Southold Town Police Department data shows that documented criminal incidents dropped from 2012 to 2013.
But police officials said that the number of reported incidents may have declined slightly year over year in part because of an understaffed department that has fewer cops on the road, leading to fewer enforcement-related incidents like drunk driving stops and arrests.
Although the department is authorized to employ up to 52 officers, it currently has only 44, since a number of retirements have occurred and those positions have not been filled.
The Town Board has been in contract negotiations with the local police union for two years. No new officers have been hired in that time period. Supervisor Scott Russell said the board will look to hire five more officers once the contract negotiations are completed. The negotiations are now in arbitration.
“We’re down to the lowest levels we’ve been for a while,” Police Chief Martin Flatley said.
According to a police department report provided to The Suffolk Times, slightly fewer burglaries occurred in 2013 than the year before, down to 93 from 100. Petit larcenies dropped significantly, down by nearly 100 incidents to 187 in 2013 — the lowest reported level in more than 10 years.
Driving while intoxicated arrests and drug-related charges dropped slightly: 102 DWI arrests were made in 2013, down from 117, and 54 drug-related incidents were reported, a drop of three from 2012.
Chief Flatley said that while drunken driving arrests were down, he has noticed that more people are being arrested for drugged driving. In previous years, about 5 percent of DWI arrests were drug-related, he said. That percentage has ballooned to as much as 25 percent in recent years.
The drug of choice has also shifted away from crack cocaine to heroin, which has becomes more widely and cheaply available. Departments officers trained to make DWI stops have been trained to identify those driving under the influence of drugs, Chief Flatley said.
“If you pulled somebody over and there’s no smell of booze, but the person’s driving is horrendous and you think that they’re definitely under the influence of something, there’s a whole set of field sobriety tests you can do,” he said.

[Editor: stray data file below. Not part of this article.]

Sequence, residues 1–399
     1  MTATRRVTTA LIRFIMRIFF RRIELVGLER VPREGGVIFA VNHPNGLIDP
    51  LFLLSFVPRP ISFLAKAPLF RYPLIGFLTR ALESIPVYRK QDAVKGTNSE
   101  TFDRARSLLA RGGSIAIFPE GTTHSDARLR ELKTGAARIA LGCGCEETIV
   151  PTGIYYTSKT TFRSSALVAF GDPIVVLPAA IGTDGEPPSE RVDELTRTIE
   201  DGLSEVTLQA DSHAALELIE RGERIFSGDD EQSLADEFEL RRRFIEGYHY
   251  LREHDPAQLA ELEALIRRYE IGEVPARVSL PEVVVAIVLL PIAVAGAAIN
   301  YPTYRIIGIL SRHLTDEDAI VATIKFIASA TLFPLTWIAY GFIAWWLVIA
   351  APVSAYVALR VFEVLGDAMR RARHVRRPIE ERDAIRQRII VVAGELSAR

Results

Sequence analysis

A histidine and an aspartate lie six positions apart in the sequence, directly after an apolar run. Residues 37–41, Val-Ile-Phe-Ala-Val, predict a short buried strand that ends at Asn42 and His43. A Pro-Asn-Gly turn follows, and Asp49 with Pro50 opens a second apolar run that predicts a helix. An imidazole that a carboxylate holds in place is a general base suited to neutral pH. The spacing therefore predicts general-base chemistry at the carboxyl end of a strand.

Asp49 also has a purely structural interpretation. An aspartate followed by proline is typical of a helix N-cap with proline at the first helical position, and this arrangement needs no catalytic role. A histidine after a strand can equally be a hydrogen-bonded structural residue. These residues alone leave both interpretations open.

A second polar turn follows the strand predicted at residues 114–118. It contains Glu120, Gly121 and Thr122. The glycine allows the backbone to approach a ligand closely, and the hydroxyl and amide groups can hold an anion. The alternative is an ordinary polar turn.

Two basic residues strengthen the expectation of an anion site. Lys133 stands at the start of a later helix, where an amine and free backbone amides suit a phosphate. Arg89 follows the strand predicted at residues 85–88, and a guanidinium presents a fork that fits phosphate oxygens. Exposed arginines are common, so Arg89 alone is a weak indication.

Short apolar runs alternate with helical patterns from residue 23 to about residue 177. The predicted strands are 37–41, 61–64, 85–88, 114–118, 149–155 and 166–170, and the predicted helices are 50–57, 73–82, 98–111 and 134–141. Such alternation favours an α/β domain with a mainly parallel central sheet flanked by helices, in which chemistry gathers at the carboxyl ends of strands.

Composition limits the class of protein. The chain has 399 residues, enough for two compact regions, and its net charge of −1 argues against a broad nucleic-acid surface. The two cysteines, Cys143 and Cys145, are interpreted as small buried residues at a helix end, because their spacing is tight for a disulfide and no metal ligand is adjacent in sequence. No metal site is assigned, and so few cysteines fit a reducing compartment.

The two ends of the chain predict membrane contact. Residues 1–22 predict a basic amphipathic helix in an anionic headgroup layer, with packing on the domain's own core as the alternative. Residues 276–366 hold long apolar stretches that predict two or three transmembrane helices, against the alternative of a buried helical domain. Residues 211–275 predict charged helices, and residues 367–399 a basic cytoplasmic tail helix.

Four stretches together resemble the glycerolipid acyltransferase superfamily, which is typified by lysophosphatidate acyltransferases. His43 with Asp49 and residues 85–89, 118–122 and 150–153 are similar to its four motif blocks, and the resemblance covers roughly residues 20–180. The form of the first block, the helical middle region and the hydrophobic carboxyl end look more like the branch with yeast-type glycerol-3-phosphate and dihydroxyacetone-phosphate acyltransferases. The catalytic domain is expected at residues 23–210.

Eight robberies were committed in 2013, three more than in 2012, marking an eight-year high. Chief Flatley said that because few robberies occur in Southold Town each year, just a handful of individuals on a spree could inflate the numbers.
Last year, the Gamestop video game store in Mattituck and a gas station were robbed at gunpoint in separate incidents; police made arrests in both cases, the chief said.
The department report shows that disturbances and domestic incident calls were on the decline last year, dropping to 1,063 and 334, respectively, from 1,213 and 373, in 2012. Fewer arrests were made in 2013 as well, down to 405 from 434 the year before, according to the report.
Chief Flatley said he believes the department’s smaller size played a role in the apparent drop in arrests: with fewer cops walking the beat, fewer arrests could be made.
Chief Flatley said the department’s community response squad, for instance, was reduced to a single officer when other cops were transferred to different squads to fill vacant positions due to the hiring freeze. He noted that the department has been unable to pursue hiring more diverse candidates. The department has a clerk who speaks Spanish and uses a translation line for interrogations and taking statements.
Currently, the force also has three officers who are fluent in Spanish, though none is a native Spanish speaker.
Still, Chief Flatley said, having those officers on the force has already paid dividends, especially in the Hispanic areas of Greenport Village.
“Overall, the Latino population is not as forthcoming about reporting incidents as other people in town,” he said.
Having officers who speak Spanish makes it easier to investigate reported incidents and builds trust with the Hispanic community, which may encourage more victims of crimes or those with information for police to come forward.
“Just making initial contact with a Spanish-speaking person puts them at ease,” he said.
Chief Flatley said the department is actively reaching out to students at North Fork schools by hosting job shadowing events, and hopes to attract younger and more diverse candidates for the force in the future.
Though no new officers have been hired in recent years, the department has been using new technology to improve its planning and response to incidents. The chief’s office now features a smartboard connected to a widescreen TV; 2013 was the first full year the smartboard was in use, he said.
The smartboard allows police officials to overlay maps with instructions for officers. When Peconic teenager Ashley Murray went missing last year, for example, the department used maps to determine where officers should focus their search efforts. The department has used also the board to plan for parades and other events.
Chief Flatley said that the board can also be used for training. He pulled up a video from one of the department’s patrol cars showing a traffic stop and explained that officers can learn from their mistakes, as many athletes do, by reviewing the footage.
Still, Chief Flatley said, the department’s squads are stretched fairly thin, especially because Southold Town has become more of a year-round tourist destination in recent years.
About eight part-time officers are hired each summer to bolster the squad during the town’s busiest months. Chief Flatley said having a fully staffed department would only enhance enforcement efforts.
“The wineries are eating up the fall time right into winter and so many people are in second homes now,” he said. “Last summer was dramatic in how busy it was … Each summer’s been getting busier and busier.”